If a drug is found to be helpful in treating COVID-19, it will be made available through appropriate channels.
Be careful about relying on information about COVID-19 treatments from unknown or non-medical sources or information heard through word of mouth, as this can be false or misleading. It is important to follow recommendations from public health authorities and to follow the medical advice from your doctor. Using unproven treatments may expose you to harm and lead to drug shortages for patients who need the drugs for their intended use. If you have COVID-19 and have questions about how to manage your health, speak to your doctor or call Telehealth Ontario (1-866-797-000).
Prevention and Treatment
Can I get tested for COVID-19?
Testing guidelines are changing as the province’s response to the pandemic shifts. This means there are different rules about who can get tested and where. For the most up to date guidance go to the Government of Ontario’s COVID-19 website.
If I have symptoms of COVID-19 but think it is something else, can I still get treatment?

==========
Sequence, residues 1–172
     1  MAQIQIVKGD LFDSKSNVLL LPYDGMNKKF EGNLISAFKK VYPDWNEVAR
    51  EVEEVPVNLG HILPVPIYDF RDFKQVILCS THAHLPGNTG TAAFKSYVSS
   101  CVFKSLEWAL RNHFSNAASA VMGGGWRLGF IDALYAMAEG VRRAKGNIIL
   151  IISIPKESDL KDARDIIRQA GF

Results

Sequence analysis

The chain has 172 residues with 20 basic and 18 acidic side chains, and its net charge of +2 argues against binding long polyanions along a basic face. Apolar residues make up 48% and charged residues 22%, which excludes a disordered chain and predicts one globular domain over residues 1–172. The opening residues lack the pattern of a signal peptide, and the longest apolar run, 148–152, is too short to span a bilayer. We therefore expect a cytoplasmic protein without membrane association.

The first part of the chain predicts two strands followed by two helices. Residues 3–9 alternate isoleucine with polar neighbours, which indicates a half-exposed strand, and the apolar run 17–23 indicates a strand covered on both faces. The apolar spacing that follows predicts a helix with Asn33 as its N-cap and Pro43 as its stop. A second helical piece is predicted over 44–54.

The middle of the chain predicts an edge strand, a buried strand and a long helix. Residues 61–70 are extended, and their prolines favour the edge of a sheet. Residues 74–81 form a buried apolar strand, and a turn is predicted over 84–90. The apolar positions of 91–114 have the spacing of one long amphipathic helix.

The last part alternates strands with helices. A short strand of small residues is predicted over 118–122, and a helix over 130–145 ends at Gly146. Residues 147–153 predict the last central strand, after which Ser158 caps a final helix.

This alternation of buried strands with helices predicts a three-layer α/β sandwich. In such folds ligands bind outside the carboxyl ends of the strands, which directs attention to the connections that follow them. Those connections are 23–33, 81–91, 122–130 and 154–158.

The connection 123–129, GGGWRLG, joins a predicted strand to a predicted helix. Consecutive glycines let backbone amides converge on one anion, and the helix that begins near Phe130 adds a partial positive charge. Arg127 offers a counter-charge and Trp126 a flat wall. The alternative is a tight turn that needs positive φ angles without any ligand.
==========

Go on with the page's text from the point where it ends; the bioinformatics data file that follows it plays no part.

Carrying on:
You can call and speak with your doctor and let them know your symptoms and concerns so they can determine how to assess and treat your issues in a timely manner. Depending on your doctor’s assessment, you may be advised to get tested for COVID-19 as part of the care plan. In the meantime, it’s important to follow public health guidance to help reduce the risk of transmission. If your symptoms are severe, you should call 911 or visit the nearest emergency department.
What safety precautions do doctors have in place to help keep me and others safe?
Both Public Health and the Ministry of Health continue to provide guidance to doctors on how to safely provide care during each stage of the pandemic, which may include taking a variety of safety precautions when providing in-person care. The most up to date information can be found on the Ministry of Health's website, where guidance is provided for different sectors within the health care system.
If your needs can be addressed through virtual care, your doctor should let you know that is an option available to you. If you have questions or concerns about the specific precautions your doctor is taking to help keep you and others safe, you can contact them for more information.